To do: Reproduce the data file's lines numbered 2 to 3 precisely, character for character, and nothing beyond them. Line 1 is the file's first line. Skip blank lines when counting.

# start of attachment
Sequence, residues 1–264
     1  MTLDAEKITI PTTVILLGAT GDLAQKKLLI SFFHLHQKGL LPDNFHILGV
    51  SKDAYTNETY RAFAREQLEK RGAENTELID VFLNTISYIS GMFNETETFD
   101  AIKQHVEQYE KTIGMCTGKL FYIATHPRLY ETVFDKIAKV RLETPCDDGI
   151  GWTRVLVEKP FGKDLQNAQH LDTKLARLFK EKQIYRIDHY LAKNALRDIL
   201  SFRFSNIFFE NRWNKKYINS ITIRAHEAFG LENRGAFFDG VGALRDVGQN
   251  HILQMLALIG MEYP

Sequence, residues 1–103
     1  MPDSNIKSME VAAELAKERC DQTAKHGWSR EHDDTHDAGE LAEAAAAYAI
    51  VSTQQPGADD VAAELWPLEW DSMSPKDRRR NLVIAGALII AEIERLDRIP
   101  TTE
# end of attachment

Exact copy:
     1  MTLDAEKITI PTTVILLGAT GDLAQKKLLI SFFHLHQKGL LPDNFHILGV
    51  SKDAYTNETY RAFAREQLEK RGAENTELID VFLNTISYIS GMFNETETFD